[Mesa-dev] [RFC] Linux Graphics Next: Explicit fences everywhere and no BO fences - initial proposal

Alex Deucher alexdeucher at gmail.com
Wed Apr 28 13:03:08 UTC 2021

On Wed, Apr 28, 2021 at 6:31 AM Christian König
<ckoenig.leichtzumerken at gmail.com> wrote:
> Am 28.04.21 um 12:05 schrieb Daniel Vetter:
> > On Tue, Apr 27, 2021 at 02:01:20PM -0400, Alex Deucher wrote:
> >> On Tue, Apr 27, 2021 at 1:35 PM Simon Ser <contact at emersion.fr> wrote:
> >>> On Tuesday, April 27th, 2021 at 7:31 PM, Lucas Stach <l.stach at pengutronix.de> wrote:
> >>>
> >>>>> Ok. So that would only make the following use cases broken for now:
> >>>>>
> >>>>> - amd render -> external gpu
> >>>>> - amd video encode -> network device
> >>>> FWIW, "only" breaking amd render -> external gpu will make us pretty
> >>>> unhappy
> >>> I concur. I have quite a few users with a multi-GPU setup involving
> >>> AMD hardware.
> >>>
> >>> Note, if this brokenness can't be avoided, I'd prefer a to get a clear
> >>> error, and not bad results on screen because nothing is synchronized
> >>> anymore.
> >> It's an upcoming requirement for windows[1], so you are likely to
> >> start seeing this across all GPU vendors that support windows.  I
> >> think the timing depends on how quickly the legacy hardware support
> >> sticks around for each vendor.
> > Yeah but hw scheduling doesn't mean the hw has to be constructed to not
> > support isolating the ringbuffer at all.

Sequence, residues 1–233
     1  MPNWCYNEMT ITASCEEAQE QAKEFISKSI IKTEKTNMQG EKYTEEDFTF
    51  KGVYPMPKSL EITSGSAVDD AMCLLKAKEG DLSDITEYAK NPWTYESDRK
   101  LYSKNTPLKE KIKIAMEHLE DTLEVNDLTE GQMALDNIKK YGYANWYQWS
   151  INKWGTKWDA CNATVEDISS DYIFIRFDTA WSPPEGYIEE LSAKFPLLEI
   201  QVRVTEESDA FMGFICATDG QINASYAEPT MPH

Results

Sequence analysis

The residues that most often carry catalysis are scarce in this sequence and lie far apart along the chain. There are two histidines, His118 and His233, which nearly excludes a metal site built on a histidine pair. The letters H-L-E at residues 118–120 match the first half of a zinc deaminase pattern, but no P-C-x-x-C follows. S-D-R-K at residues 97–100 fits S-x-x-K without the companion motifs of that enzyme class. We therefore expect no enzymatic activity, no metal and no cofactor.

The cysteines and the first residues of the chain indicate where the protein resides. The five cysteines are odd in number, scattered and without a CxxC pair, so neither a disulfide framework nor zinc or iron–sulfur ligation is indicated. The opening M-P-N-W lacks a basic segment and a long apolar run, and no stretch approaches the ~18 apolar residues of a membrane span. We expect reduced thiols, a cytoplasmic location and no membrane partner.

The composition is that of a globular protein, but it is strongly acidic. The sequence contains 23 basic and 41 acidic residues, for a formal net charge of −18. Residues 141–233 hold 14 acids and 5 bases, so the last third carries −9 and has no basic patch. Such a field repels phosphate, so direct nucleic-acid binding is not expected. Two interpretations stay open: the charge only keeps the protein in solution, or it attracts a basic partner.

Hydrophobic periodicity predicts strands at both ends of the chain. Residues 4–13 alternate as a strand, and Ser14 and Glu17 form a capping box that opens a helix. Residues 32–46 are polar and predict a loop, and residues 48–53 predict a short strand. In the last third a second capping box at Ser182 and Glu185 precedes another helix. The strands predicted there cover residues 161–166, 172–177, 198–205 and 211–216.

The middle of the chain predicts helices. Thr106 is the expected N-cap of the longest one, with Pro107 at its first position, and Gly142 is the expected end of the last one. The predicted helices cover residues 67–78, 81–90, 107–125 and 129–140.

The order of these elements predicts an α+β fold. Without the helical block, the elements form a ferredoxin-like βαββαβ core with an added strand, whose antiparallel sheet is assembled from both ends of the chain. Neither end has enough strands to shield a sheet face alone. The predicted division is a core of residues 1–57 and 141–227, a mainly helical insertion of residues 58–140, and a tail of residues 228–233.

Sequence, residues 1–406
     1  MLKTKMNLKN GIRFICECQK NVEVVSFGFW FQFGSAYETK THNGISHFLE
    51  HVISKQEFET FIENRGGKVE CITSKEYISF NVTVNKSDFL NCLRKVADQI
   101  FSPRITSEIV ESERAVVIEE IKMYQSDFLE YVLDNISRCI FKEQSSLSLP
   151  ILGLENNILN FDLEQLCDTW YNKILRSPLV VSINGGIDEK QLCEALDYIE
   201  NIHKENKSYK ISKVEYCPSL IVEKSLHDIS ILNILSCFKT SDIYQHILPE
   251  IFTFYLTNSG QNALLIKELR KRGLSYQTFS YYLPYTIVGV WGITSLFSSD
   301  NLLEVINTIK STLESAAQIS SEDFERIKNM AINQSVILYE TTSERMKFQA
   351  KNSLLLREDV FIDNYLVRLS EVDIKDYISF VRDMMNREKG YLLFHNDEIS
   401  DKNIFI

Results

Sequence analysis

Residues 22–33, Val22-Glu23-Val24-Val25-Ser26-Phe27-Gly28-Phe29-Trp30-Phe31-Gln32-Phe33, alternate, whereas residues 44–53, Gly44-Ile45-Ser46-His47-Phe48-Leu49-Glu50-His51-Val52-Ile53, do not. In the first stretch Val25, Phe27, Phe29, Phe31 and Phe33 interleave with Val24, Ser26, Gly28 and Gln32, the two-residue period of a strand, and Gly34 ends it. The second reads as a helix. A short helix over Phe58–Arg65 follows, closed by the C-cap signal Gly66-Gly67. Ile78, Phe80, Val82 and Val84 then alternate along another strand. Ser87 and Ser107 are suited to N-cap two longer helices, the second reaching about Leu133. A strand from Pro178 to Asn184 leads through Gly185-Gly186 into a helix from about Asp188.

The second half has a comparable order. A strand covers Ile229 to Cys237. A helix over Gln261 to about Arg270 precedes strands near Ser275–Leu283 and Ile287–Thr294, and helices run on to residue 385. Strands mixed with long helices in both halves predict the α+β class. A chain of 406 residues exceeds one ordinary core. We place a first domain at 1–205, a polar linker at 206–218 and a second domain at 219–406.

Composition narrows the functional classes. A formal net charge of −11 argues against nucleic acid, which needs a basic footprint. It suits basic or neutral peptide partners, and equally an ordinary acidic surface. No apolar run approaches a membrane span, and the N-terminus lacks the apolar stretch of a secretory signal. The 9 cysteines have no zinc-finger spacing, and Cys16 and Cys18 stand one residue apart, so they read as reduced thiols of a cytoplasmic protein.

> >
> > E.g. even if the hw loses the bit to put the ringbuffer outside of the
> > userspace gpu vm, if you have pagetables I'm seriously hoping you have r/o
> > pte flags. Otherwise the entire "share address space with cpu side,
> > seamlessly" thing is out of the window.
> >
> > And with that r/o bit on the ringbuffer you can once more force submit
> > through kernel space, and all the legacy dma_fence based stuff keeps
> > working. And we don't have to invent some horrendous userspace fence based
> > implicit sync mechanism in the kernel, but can instead do this transition
> > properly with drm_syncobj timeline explicit sync and protocol reving.
> >
> > At least I think you'd have to work extra hard to create a gpu which
> > cannot possibly be intercepted by the kernel, even when it's designed to
> > support userspace direct submit only.
> >
> > Or are your hw engineers more creative here and we're screwed?
> The upcomming hardware generation will have this hardware scheduler as a
> must have, but there are certain ways we can still stick to the old
> approach:
> 1. The new hardware scheduler currently still supports kernel queues
> which essentially is the same as the old hardware ring buffer.
> 2. Mapping the top level ring buffer into the VM at least partially
> solves the problem. This way you can't manipulate the ring buffer
> content, but the location for the fence must still be writeable.
> For now and the next hardware we are save to support the old submission
> model, but the functionality of kernel queues will sooner or later go
> away if it is only for Linux.

Even if it didn't go away completely, no one else will be using it.
This leaves a lot of under-validated execution paths that lead to
subtle bugs.  When everyone else moved to KIQ for queue management, we
stuck with MMIO for a while in Linux and we ran into tons of subtle
bugs that disappeared when we moved to KIQ.  There were lots of
assumptions about how software would use different firmware interfaces
or not which impacted lots of interactions with clock and powergating
to name a few.  On top of that, you need to use the scheduler to
utilize stuff like preemption properly.  Also, if you want to do stuff
like gang scheduling (UMD scheduling multiple queues together), it's
really hard to do with kernel software schedulers.


> So we need to work on something which works in the long term and get us
> away from this implicit sync.
> Christian.
> > -Daniel

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